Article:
Designer Milton Glaser, Creator of I Heart NY and DC Comics Logos, Dies at 91

Milton Glaser, legendary graphic design and the mind behind iconic brands like DC Comics and the [...]

milton glaser graphic designer
(Photo: Neville Elder/Corbis via Getty Images)

Milton Glaser, legendary graphic design and the mind behind iconic brands like DC Comics and the "I Heart NY" design, has died of natural causes. He was 91. The designer was also responsible for helping revive New York Magazine in the late 1960s and turning it into the publication it's known as today. Alongside Esquire alum Clay Felker, the two ran New York until 1977 when news magnate Rupert Murdoch purchased the paper.

Outside of logo work, Glaser's most notable piece is likely his psychedelic take on Bob Dylan for the singer's Greatest Hits promo in 1966.

With New York City crashing and burning in the late-1970's due to an exploding crime rate, the local tourism bureau brought Glaser and Wells Rich Greene on board to design a logo in an effort to bring more people to the city — that project would lead to the brand which would become the ever-popular "I Heart NY" logo you've seen countless times throughout your life. In fact, one could say fewer brands have become more ingrained in pop culture than Glaser's creation.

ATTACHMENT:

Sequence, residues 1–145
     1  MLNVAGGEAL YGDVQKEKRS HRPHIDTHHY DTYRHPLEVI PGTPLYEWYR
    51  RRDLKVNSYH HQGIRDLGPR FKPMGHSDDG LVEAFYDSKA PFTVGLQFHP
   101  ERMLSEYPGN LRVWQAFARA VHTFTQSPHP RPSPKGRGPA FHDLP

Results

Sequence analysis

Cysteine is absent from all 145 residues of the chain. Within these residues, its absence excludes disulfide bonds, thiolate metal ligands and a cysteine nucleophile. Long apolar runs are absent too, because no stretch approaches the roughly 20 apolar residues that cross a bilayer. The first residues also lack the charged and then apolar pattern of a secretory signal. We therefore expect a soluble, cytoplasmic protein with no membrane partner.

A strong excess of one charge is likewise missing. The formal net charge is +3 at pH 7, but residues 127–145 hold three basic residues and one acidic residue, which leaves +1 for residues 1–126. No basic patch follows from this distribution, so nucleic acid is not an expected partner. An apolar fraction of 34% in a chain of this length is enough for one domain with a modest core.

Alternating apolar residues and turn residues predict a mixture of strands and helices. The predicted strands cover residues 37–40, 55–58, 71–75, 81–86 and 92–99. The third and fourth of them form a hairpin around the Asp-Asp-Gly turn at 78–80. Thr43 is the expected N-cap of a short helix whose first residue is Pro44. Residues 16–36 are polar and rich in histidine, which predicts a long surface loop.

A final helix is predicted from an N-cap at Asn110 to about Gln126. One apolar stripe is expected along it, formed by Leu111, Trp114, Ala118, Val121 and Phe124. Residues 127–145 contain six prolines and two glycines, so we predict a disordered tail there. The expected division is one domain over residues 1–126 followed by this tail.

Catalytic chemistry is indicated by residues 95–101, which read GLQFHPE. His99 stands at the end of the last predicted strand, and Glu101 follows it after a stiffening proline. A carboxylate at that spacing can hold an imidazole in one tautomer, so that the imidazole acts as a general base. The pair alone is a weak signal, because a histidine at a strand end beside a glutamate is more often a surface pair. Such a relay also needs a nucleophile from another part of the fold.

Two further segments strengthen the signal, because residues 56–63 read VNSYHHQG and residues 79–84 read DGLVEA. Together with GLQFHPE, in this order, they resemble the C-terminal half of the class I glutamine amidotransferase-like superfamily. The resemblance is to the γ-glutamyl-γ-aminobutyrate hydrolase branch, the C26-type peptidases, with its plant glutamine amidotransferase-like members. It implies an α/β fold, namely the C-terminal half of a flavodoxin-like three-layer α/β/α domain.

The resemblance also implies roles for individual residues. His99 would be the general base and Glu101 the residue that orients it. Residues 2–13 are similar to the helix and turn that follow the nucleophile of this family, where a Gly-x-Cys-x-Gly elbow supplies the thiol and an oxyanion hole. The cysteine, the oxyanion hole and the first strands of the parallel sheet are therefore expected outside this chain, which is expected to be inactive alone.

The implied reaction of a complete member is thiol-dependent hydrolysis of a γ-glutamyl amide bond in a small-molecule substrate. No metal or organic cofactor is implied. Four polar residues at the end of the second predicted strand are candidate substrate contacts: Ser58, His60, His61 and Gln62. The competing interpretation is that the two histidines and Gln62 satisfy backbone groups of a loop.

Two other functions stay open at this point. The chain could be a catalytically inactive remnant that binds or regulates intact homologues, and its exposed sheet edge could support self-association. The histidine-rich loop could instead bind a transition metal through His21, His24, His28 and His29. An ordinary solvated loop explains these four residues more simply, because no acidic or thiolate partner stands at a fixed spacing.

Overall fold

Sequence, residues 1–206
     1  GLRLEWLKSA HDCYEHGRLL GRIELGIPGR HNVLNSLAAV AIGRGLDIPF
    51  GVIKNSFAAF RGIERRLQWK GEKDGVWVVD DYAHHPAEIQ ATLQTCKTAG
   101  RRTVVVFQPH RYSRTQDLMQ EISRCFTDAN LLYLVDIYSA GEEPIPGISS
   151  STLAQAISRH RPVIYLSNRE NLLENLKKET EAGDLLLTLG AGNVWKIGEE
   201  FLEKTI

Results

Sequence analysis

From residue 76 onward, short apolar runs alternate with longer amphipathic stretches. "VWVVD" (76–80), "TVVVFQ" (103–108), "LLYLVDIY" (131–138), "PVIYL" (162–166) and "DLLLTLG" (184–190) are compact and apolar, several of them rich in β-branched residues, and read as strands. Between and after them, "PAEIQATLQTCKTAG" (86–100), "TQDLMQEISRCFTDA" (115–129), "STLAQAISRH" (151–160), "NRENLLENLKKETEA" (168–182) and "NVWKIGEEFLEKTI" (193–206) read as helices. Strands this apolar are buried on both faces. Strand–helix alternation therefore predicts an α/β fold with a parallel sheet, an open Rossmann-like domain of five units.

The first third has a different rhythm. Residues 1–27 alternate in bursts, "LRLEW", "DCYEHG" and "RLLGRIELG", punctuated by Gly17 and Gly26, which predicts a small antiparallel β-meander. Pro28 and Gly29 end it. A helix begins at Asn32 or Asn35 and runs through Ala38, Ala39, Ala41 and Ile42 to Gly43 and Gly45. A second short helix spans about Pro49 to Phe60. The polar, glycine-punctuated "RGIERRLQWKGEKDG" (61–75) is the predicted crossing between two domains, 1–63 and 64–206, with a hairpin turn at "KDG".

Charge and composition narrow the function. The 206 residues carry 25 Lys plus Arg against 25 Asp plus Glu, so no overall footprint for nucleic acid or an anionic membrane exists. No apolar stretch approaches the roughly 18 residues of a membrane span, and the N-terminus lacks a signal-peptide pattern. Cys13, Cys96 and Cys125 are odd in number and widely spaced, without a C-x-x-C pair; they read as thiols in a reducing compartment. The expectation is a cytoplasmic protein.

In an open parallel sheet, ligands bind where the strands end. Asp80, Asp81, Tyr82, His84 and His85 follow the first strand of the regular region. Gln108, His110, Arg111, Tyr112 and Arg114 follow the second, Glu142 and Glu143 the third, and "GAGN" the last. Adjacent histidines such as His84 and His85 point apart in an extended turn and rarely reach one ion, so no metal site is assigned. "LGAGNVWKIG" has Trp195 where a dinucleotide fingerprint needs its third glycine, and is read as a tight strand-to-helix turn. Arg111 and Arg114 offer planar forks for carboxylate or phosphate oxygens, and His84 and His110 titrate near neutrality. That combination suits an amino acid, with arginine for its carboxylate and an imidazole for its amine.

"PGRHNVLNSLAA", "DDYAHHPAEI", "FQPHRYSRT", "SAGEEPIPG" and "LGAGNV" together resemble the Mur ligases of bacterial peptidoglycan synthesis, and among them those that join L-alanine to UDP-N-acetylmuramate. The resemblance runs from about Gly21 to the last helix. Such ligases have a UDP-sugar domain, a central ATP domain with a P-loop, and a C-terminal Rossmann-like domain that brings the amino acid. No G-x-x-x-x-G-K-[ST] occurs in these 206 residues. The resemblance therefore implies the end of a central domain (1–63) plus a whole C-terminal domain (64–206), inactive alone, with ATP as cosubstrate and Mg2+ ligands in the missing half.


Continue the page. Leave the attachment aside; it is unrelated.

Due to the state of New York at the time, Glaser offered his services pro-bono to the state. According to the Village Voice, the licensing of the logo made upwards of $1.83 million for the city in 2010.

"I'm flabbergasted by what happened to this little, simple, nothing of an idea," Glaser told the Voice in 2011. "It just demonstrates that every once in a while you do something that can have enormous consequences…it was a bunch of little scratches on a piece of paper! I am just astonished by the amount of money it's brought in. I went to Chinatown a few months ago, and it had been transformed to a gazillion "I Love New York" T-shirts on every building and facade. It amazes me."

He added, "I'm also amazed by how indifferent the state is to all of that. When I did "I Love New York More Than Ever" [after 9/11], the state threatened to sue me — they said I was infringing on the copyright. You realize when you're dealing with any bureaucracy that they're so indifferent to anyone but themselves."

Cover photo by Neville Elder/Corbis via Getty Images